Reconciliation and Architectures of Commitment »

Sequencing peace in Bougainville

Authored by: John Braithwaite, Hilary Charlesworth, Peter Reddy, Leah Dunn
Publication date: September 2010
Following a bloody civil war, peace consolidated slowly and sequentially in Bougainville. That sequence was of both a top-down architecture of credible commitment in a formal peace process and layer upon layer of bottom-up reconciliation. Reconciliation was based on indigenous traditions of peacemaking. It also drew on Christian traditions of reconciliation, on training in restorative justice principles and on innovation in womens’ peacebuilding. Peacekeepers opened safe spaces for reconciliation, but it was locals who shaped and owned the peace. There is much to learn from this distinctively indigenous peace architecture. It is a far cry from the norms of a ‘liberal peace’ or a ‘realist peace’. The authors describe it as a hybrid ‘restorative peace’ in which ‘mothers of the land’ and then male combatants linked arms in creative ways. A danger to Bougainville’s peace is weakness of international commitment to honour the result of a forthcoming independence referendum that is one central plank of the peace deal.  

Regulatory Theory »

Foundations and applications

Edited by: Peter Drahos
Publication date: February 2017
This volume introduces readers to regulatory theory. Aimed at practitioners, postgraduate students and those interested in regulation as a cross-cutting theme in the social sciences, Regulatory Theory includes chapters on the social-psychological foundations of regulation as well as theories of regulation such as responsive regulation, smart regulation and nodal governance. It explores the key themes of compliance, legal pluralism, meta-regulation, the rule of law, risk, accountability, globalisation and regulatory capitalism. The environment, crime, health, human rights, investment, migration and tax are among the fields of regulation considered in this ground-breaking book. Each chapter introduces the reader to key concepts and ideas and contains suggestions for further reading. The contributors, who either are or have been connected to the Regulatory Institutions Network (RegNet) at The Australian National University, include John Braithwaite, Valerie Braithwaite, Peter Grabosky, Neil Gunningham, Fiona Haines, Terry Halliday, David Levi-Faur, Christine Parker, Colin Scott and Clifford Shearing.

Hybridity on the Ground in Peacebuilding and Development »

Critical Conversations

Publication date: March 2018
Hybridity on the Ground in Peacebuilding and Development engages with the possibilities and pitfalls of the increasingly popular notion of hybridity. The hybridity concept has been embraced by scholars and practitioners in response to the social and institutional complexities of peacebuilding and development practice. In particular, the concept appears well-suited to making sense of the mutually constitutive outcomes of processes of interaction between diverse norms, institutions, actors and discourses in the context of contemporary peacebuilding and development engagements. At the same time, it has been criticised from a variety of perspectives for overlooking critical questions of history, power and scale. The authors in this interdisciplinary collection draw on their in‑depth knowledge of peacebuilding and development contexts in different parts of Asia, the Pacific and Africa to examine the messy and dynamic realities of hybridity ‘on the ground’. By critically exploring the power dynamics, and the diverse actors, ideas, practices and sites that shape hybrid peacebuilding and development across time and space, this book offers fresh insights to hybridity debates that will be of interest to both scholars and practitioners. ‘Hybridity has become an influential idea in peacebuilding and this volume will undoubtedly become the most influential collection on the idea. Nuance and sophistication characterises this engagement with hybridity.’ — Professor John Braithwaite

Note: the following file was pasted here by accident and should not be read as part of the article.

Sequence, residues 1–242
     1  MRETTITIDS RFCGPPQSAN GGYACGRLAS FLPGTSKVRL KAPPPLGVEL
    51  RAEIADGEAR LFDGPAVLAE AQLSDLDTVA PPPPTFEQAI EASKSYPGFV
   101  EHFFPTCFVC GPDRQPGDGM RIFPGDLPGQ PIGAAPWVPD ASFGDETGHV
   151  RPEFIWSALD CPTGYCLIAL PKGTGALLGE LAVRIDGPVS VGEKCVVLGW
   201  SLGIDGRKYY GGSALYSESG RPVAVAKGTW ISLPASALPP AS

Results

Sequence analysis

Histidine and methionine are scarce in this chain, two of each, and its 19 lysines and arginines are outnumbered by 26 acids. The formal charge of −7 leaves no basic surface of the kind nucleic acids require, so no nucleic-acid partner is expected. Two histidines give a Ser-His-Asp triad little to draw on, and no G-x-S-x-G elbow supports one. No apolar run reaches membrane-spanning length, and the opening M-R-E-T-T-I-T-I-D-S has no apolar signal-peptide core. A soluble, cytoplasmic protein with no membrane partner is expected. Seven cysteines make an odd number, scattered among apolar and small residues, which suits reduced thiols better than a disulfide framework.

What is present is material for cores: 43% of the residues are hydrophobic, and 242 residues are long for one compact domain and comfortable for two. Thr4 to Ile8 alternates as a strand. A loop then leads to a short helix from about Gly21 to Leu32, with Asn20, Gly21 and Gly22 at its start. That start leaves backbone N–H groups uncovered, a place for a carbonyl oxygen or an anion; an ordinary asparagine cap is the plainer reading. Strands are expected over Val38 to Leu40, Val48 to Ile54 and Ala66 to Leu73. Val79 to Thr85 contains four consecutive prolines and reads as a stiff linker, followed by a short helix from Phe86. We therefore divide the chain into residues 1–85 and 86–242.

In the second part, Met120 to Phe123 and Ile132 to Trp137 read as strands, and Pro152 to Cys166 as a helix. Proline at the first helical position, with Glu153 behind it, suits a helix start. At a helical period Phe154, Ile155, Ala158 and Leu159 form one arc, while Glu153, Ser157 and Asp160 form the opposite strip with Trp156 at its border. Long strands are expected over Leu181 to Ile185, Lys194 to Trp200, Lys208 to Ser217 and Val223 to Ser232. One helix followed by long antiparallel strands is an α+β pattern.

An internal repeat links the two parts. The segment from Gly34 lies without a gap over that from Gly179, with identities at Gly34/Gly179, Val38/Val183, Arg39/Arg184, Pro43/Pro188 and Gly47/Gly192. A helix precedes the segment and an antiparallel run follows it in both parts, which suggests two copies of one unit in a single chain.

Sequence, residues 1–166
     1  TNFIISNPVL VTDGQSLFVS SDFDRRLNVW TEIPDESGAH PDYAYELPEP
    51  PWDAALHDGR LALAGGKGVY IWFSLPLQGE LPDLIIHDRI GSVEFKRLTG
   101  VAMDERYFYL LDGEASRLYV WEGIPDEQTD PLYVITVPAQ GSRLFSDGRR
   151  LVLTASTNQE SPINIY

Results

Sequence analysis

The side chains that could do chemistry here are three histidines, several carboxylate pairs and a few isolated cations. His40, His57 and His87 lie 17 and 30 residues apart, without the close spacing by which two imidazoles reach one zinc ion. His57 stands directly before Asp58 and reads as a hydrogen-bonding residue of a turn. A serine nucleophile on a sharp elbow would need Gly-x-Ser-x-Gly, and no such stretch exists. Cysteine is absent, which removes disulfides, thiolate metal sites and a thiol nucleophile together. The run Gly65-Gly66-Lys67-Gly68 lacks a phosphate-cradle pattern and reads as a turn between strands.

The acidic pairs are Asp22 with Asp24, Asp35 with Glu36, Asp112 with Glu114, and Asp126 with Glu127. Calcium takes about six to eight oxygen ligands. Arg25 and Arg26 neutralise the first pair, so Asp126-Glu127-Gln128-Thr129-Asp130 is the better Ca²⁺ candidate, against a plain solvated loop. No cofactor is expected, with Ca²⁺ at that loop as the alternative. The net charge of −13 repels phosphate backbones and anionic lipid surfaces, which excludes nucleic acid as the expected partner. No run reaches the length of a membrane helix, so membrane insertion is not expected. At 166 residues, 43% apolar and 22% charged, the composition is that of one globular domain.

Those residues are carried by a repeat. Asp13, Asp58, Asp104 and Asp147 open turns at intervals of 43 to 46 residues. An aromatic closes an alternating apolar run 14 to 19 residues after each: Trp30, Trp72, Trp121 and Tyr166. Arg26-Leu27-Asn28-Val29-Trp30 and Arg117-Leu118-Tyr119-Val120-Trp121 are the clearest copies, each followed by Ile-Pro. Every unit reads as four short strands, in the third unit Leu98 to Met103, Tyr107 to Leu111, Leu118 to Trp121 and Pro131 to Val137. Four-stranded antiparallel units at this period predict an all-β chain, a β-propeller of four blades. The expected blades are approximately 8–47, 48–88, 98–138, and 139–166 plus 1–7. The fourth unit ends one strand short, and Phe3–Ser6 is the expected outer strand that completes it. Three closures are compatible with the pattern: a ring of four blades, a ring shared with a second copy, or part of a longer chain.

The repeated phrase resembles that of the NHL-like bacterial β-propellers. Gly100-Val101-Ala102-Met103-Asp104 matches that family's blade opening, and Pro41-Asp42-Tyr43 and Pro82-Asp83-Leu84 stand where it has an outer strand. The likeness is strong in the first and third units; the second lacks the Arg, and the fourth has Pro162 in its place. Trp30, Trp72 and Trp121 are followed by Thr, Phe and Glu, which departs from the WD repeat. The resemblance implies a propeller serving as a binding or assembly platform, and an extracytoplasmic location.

Discretion and Public Benefit in a Regulatory Agency »

The Australian Authorisation Process

Authored by: Vijaya Nagarajan
Publication date: July 2013
This book explores the manner in which a variety of public benefits such as environmental protection and consumer safety have been accommodated through the authorisation process within competition law and policy in Australia. While the regulator’s use of its discretion can be explained as a triumph of practice over theory, this book explores the potential for competition principles to be imbued by the wider discourses of democratic participation and human rights. In doing so it makes a significant contribution to the Australian competition policy as well as reconceptualising the way in which discretion is used by regulators. … a very important and creative contribution to the literatures on both business regulation in general and Australian competition and consumer protection law in particular. It pays special attention to an everyday regulatory function that is often ignored in scholarship. And it is very important in challenging—on both empirical and normative policy oriented grounds—a narrowly economic approach to competition law, and proposing an alternative understanding and practice for the public benefit test in ACCC authorisations. — Professor Christine Parker The data Vij Nagarajan has analysed is quite unique in its focus. It is a kind of data and analysis that has not been completed before in the international literature. It is well written, theoretically sophisticated and incisive in its policy analysis. — John Braithwaite